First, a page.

Bulletin of the American Physical Society
APS March Meeting 2016
Volume 61, Number 2
Monday–Friday, March 14–18, 2016; Baltimore, Maryland
Session P52: Optomechanics and Hybrid Systems III: Fundamental Methods and Applications |
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Sponsoring Units: DAMOP FIAP Chair: Chen-lung Hung, Purdue University Room: Hilton Baltimore Holiday Ballroom 3 |
Wednesday, March 16, 2016 2:30PM - 2:42PM |
P52.00001: A general framework for analyzing pulsed optomechancal systems Bassam Helou, Belinda Pang, Haixing Miao, Yanbei Chen One difficulty in understanding driven optomechanical systems comes from keeping track of the continuum of input and output optical modes. Can we formulate a simpler description? In the case of optical pulses of finite duration, the answer is yes. The dynamics of the joint optical and mechanical system can be summarized by a finite number of generalized modes! On the other hand, the analysis of the entanglement structure between the mechanics and optics is more involved, but could be approximated by a simple and bounded structure. Our work has immediate applications to the quantum engineering of optomechanical setups. We rigorously justify the formalism used in proposals for arbitrary Fock state preparation, extend the proposals to more realistic setups, and propose additional state preparation and state transfer protocols. [Preview Abstract] |
Wednesday, March 16, 2016 2:42PM - 2:54PM |
P52.00002: Quench dynamics in optomechanical arrays Sadegh Raeisi, Vittorio Peano, Florian Marquardt Optomechanical arrays are a novel quantum system that provide a promising tool for exploring many-body physics. The tunablity of optomechanical arrays can be exploited for studying the non-equilibrium dynamics. Despite the technological challenges, experimental implementation of simple one-dimensional systems seems feasible in the next few years. Here we focus on the non-equilibrium dynamics of one-dimensional optomechanical arrays and investigate the quench dynamics in these systems. In particular, we study the topological properties and phases of these one-dimensional optomechanical arrays. [Preview Abstract] |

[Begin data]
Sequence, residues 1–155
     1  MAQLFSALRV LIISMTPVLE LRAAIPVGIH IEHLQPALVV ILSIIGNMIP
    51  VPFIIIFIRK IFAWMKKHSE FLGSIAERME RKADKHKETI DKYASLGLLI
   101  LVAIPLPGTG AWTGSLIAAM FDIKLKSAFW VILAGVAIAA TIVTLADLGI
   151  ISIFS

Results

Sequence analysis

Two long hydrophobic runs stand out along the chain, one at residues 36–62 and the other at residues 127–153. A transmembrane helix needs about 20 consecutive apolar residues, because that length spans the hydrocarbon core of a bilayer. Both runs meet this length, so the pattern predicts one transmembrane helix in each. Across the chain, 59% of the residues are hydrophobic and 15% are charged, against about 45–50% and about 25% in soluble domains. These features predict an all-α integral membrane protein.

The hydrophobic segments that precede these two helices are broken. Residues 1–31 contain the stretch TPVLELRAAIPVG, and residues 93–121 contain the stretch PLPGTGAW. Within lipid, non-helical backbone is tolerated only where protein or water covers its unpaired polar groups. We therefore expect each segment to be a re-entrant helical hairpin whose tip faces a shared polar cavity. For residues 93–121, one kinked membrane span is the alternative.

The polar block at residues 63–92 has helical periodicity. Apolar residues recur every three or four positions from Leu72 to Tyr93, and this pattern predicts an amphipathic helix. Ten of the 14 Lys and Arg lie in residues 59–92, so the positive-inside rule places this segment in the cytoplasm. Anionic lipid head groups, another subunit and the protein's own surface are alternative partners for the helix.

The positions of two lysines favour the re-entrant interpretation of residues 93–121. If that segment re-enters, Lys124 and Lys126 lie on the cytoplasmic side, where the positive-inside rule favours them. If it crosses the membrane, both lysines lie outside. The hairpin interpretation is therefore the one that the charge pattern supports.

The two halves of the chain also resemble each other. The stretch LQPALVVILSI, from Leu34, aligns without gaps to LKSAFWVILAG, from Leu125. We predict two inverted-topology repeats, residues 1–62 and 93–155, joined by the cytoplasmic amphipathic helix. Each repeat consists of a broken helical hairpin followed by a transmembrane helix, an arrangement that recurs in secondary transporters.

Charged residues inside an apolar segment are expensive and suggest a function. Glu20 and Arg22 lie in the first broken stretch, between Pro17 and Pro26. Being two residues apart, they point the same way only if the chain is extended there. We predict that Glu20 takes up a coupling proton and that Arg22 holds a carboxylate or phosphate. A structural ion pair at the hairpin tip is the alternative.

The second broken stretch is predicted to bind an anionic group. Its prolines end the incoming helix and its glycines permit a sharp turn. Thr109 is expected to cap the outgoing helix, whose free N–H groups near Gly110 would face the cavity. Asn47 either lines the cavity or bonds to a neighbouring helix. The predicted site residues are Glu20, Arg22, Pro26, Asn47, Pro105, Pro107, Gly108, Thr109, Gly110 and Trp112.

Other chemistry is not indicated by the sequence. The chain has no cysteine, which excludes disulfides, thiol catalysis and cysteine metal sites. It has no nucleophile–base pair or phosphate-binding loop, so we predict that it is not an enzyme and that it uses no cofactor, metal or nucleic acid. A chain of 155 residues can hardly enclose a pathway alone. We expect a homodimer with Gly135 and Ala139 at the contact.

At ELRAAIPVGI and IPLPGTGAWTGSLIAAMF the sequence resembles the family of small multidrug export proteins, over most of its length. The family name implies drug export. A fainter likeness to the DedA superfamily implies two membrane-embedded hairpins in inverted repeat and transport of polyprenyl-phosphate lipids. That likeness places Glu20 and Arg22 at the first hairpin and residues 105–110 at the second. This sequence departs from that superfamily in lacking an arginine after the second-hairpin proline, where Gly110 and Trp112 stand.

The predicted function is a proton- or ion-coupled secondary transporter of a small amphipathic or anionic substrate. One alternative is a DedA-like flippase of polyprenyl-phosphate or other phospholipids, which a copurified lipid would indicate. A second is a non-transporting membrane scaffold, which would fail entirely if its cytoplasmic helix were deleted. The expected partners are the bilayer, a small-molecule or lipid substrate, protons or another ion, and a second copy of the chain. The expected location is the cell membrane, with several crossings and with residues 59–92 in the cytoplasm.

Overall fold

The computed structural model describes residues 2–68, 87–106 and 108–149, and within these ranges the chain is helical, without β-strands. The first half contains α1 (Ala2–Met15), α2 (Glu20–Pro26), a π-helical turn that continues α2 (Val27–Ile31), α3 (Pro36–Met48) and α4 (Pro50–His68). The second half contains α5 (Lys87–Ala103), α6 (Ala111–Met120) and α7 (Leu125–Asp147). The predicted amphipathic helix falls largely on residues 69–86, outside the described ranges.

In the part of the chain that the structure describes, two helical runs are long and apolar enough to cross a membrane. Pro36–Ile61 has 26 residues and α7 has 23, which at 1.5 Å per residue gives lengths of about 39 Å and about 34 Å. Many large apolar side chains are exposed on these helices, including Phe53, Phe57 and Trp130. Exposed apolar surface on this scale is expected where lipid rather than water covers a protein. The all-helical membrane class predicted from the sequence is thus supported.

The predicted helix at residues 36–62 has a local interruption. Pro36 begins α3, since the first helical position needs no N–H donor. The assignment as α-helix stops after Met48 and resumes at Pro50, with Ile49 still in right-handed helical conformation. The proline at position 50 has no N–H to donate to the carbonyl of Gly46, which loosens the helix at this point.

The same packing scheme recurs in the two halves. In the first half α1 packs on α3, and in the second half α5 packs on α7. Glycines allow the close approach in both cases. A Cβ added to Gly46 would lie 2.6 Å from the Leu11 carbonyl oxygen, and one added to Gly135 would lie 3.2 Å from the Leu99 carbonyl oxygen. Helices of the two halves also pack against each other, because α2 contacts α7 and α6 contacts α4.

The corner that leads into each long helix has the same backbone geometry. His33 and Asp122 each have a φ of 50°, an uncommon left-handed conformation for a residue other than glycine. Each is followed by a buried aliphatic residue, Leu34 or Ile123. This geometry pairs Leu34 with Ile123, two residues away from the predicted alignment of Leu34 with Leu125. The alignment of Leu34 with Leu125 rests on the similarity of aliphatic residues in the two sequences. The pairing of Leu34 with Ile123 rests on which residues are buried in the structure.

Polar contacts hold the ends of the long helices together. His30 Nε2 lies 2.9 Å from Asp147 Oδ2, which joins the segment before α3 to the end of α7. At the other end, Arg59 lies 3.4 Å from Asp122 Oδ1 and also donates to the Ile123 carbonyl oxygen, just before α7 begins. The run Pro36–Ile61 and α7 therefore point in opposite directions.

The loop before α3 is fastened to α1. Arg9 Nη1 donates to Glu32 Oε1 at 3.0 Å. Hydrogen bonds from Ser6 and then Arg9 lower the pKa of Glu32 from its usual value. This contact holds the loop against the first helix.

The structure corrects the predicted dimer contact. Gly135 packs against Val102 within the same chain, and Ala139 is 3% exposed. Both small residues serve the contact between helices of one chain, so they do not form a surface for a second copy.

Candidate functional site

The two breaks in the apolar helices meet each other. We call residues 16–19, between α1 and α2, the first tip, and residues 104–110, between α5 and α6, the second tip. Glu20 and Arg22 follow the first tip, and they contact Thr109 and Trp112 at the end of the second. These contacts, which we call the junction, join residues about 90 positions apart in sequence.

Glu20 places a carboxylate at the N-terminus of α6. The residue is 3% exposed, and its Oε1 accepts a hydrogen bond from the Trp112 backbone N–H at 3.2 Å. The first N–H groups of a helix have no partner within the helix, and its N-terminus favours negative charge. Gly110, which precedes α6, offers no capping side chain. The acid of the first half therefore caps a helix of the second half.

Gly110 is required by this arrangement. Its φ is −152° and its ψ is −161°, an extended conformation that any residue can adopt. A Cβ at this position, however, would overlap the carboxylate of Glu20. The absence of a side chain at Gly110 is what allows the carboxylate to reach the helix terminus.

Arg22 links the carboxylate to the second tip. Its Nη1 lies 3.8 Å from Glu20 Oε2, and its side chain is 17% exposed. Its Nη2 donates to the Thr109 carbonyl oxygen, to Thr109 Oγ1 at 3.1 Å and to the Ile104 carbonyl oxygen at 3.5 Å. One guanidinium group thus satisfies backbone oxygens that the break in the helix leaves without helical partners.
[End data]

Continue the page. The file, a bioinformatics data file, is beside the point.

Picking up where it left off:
Wednesday, March 16, 2016 2:54PM - 3:06PM |
P52.00003: Correlated anomalous phase diffusion of sideband-excited phonons in an electromechanical resonator Xiaoshi Dong, Fengpei Sun, Jie Zou, Mark Dykman, Hobun Chan We study the phase fluctuations of self-sustained oscillations induced by dynamical backaction in a micromechanical resonator. The resonatorhas two vibrational modes with strongly differing frequencies and decay rates. The high-frequency mode acts as a phonon cavity mode, playing a similar role as photon modes in optomechanical systems. When sufficiently strong pumping is applied at the blue-detuned sideband of the cavity, the dynamical backaction leads to a parametric instability accompanied by self-sustained oscillations. We find that self-sustained oscillations are induced not only in the low frequency mechanical mode, but also in the high frequency cavity mode. The nonlinear nature of the backaction leads to hysteresis of this self-sustained oscillations. In each mode, the phase undergoes anomalous diffusion, where the mean square phase change in time follows a superlinear power law. The exponent of this power law is determined by the 1/f-type intrinsic frequency noise of the resonator. Remarkably, the phase fluctuation of the two modes show near perfect anti-correlation, our findings show that self-sustained oscillations induced by dynamical backaction offer new opportunities of phase manipulation and investigation of fundamental properties of resonating. [Preview Abstract] |